The Power of Inclusion

With each additional reporter bleating “but what are your demands?!” at the protesters at occupy Wall Street, I better understand the genius in not having demands. You only have to go down to Zucotti Park to realize that these people are not a homogenous group. From Anarchists to Pacifists, from Libertarians to Socialists, from Atheists to Christians, Jews, Muslims, Sikhs, Hindus and Buddhists, from the homeless to the privileged college students, from the professional lifetime protesters to the first time participants these people agree about very little except that the current system can not and must not continue lest it destroys us all. By not publishing a clear set of demands this movement is allowing the widest possible audience to feel included in it and represented by it. By not publishing a clear set of demands this movement is refusing to play by the rules of those in power, against whom they are protesting. It has pushed the 1% off balance and has them scared.

Anyone that has been involved in any kind of protest over the last 10-15 years more likely than not has walked away disappointed. Rallies were held where stirring speeches were made. The written and electronic media, possibly sympathetic to the cause, gave some coverage. Leaders emerged who expressed the frustrations and demands of those upset enough to stop just sitting at home and complaining at the television. Those same leaders eventually fell in love with the attention and their access to power so that the political class easily absorbed and co-opted them while making minimal concessions. Soon enough the protests petered out, the working groups dispersed and everyone went home trying not to feel disappointed.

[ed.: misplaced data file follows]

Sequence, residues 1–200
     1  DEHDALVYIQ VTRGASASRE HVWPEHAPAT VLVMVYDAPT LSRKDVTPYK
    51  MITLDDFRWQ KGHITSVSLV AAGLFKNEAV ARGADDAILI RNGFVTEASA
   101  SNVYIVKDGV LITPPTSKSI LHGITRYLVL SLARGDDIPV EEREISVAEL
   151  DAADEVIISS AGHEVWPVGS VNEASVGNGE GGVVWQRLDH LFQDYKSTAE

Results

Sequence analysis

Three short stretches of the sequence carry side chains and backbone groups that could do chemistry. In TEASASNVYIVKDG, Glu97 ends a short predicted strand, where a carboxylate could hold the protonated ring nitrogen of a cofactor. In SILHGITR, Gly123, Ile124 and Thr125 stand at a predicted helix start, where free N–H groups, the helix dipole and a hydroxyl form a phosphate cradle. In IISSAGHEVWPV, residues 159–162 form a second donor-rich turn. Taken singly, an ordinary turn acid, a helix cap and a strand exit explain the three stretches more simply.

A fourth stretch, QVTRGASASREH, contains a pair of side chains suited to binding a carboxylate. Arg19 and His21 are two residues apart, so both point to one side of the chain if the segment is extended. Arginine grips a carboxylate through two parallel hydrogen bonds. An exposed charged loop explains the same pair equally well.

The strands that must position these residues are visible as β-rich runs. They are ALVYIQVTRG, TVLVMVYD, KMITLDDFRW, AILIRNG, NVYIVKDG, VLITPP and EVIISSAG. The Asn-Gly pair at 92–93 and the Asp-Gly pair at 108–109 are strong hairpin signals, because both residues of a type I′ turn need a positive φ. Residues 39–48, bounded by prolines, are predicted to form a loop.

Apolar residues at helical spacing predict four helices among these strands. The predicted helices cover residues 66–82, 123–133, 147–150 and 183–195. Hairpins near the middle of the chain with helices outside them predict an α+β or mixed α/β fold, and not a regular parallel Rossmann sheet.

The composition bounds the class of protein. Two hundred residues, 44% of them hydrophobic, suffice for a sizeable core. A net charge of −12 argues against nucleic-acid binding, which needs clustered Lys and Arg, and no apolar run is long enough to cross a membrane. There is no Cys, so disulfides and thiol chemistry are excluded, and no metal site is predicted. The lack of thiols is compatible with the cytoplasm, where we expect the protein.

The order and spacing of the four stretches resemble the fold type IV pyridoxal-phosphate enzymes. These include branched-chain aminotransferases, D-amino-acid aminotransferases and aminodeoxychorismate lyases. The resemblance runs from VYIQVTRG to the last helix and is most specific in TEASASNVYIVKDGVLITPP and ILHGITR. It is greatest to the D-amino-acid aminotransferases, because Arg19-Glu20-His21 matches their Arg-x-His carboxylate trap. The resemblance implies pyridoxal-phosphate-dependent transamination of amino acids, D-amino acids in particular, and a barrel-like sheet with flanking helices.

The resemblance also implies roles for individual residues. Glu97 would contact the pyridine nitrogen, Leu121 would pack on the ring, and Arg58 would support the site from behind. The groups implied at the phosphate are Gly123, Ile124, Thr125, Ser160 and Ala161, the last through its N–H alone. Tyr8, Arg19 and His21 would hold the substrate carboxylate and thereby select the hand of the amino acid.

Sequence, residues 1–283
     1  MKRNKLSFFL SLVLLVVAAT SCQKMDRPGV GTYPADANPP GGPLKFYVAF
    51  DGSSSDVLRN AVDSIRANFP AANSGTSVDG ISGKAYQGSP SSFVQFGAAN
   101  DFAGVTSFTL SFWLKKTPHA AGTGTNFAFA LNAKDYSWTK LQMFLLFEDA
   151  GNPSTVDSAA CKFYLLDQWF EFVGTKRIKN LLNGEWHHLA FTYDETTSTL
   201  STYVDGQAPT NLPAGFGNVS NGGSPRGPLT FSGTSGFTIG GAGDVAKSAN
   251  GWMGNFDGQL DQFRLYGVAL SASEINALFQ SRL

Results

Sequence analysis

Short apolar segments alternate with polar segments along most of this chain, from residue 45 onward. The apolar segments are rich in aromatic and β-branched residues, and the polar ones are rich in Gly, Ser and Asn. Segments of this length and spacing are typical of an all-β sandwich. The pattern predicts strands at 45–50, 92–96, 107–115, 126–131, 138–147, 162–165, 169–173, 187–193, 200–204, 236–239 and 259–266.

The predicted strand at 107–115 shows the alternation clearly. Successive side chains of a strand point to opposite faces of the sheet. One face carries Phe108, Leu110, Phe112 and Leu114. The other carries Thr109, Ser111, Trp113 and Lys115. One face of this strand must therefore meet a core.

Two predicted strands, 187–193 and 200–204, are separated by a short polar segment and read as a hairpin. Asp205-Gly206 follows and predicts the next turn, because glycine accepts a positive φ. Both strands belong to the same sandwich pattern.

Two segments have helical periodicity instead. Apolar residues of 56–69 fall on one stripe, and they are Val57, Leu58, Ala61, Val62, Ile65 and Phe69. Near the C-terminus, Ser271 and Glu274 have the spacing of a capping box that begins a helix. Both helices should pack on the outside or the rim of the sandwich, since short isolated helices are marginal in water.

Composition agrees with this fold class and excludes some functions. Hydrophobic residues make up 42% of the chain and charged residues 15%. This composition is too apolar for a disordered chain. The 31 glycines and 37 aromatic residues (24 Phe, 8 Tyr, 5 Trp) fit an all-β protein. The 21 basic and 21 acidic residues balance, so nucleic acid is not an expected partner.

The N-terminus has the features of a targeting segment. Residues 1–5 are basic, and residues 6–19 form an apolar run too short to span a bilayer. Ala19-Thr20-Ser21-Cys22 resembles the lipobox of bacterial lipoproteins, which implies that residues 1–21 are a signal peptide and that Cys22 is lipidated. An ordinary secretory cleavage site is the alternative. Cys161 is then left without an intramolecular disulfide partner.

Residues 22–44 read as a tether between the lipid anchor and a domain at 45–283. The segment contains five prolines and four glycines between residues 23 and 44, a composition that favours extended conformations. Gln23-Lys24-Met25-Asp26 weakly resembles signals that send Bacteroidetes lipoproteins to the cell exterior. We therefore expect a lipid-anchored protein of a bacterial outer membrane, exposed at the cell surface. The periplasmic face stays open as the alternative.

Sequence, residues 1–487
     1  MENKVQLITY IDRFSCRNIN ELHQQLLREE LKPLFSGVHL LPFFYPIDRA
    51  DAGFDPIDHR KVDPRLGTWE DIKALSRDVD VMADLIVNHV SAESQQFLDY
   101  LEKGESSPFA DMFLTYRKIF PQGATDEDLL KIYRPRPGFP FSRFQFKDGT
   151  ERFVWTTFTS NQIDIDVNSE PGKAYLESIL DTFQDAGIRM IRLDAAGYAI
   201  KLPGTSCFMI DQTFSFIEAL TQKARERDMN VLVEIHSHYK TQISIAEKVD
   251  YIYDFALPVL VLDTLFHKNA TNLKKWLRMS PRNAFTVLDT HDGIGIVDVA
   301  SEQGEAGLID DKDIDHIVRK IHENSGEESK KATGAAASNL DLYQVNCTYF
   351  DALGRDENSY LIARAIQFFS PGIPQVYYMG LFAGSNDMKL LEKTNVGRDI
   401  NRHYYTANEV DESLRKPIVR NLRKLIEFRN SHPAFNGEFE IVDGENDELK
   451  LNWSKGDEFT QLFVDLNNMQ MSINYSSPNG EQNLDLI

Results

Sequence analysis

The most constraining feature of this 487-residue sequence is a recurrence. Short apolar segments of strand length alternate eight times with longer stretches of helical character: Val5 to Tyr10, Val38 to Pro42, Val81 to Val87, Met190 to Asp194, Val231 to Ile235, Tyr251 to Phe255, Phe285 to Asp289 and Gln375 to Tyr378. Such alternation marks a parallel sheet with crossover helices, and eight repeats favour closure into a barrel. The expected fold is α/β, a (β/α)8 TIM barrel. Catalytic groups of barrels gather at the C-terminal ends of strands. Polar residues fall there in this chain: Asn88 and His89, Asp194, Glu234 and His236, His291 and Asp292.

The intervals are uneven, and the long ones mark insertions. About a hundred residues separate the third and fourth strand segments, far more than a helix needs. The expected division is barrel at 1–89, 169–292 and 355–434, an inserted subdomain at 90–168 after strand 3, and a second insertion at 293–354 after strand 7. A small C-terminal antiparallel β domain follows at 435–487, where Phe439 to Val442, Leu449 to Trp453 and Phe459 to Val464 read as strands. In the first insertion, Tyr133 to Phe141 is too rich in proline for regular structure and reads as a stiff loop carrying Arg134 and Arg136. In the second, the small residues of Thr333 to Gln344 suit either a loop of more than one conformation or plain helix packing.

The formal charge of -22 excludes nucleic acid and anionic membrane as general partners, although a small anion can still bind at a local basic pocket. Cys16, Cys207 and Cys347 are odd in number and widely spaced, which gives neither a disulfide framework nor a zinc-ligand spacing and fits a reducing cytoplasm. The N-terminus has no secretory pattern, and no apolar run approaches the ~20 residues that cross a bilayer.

The genius of not having a clear set of demands is that, in essence, it allows you to answer the question of “what do you want?” with “everything”. It is this answer, this all inclusiveness, which differentiates the current protests, whether they are in NYC, Tel Aviv, Barcelona, Athens or Cairo from what has come before. When what you are demanding is justice it is easy to gloss over the nuances of political differences or even significant differences in understanding of what justice is. When there is no clear leadership, there is no place for the usual jealousy or concerns about a small group making the wrong decisions for the majority. There is only a common understanding that the reign of the plutocratic minority must end, that their power over our politics and lives must be broken. It is the growing understanding by many that the current protest movements are the real deal, that with enough effort and dedication and perseverance real change can be effected that is causing people to forsake their cynicism. The kind of change people believed that the election of Obama would bring and left so many so bitterly disappointed.

It is the task of these protests, of this movement, to effect change. The same people that will change the status quo will not necessarily be the ones the build the new reality. It is enough for now to say that the way things work at the moment can no longer continue without having to answer exactly what will take it’s place.

It is the growing understanding by the plutocrats, the 1%, that what the protesters are demanding is everything that has got them scared. It is the realization that this might not be a passing fad that is causing more than a few sleepless nights. They are starting to realize that the rest of us have figured out their game and are refusing to play by their rules. As this becomes clearer to them, as the stark reality dawns on them that there is no way that they can both placate the crowds and maintain their current lifestyle, we can expect their resistance to become more concentrated and violent. As the violence in New York and Sydney and Oakland has shown so far, this will only work towards causing more and more people to feel included in this movement.

-Bram Spiero

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One response to “The Power of Inclusion

  1. Pingback: כוחה של ההכלה « ירוק אדום כחול לבן

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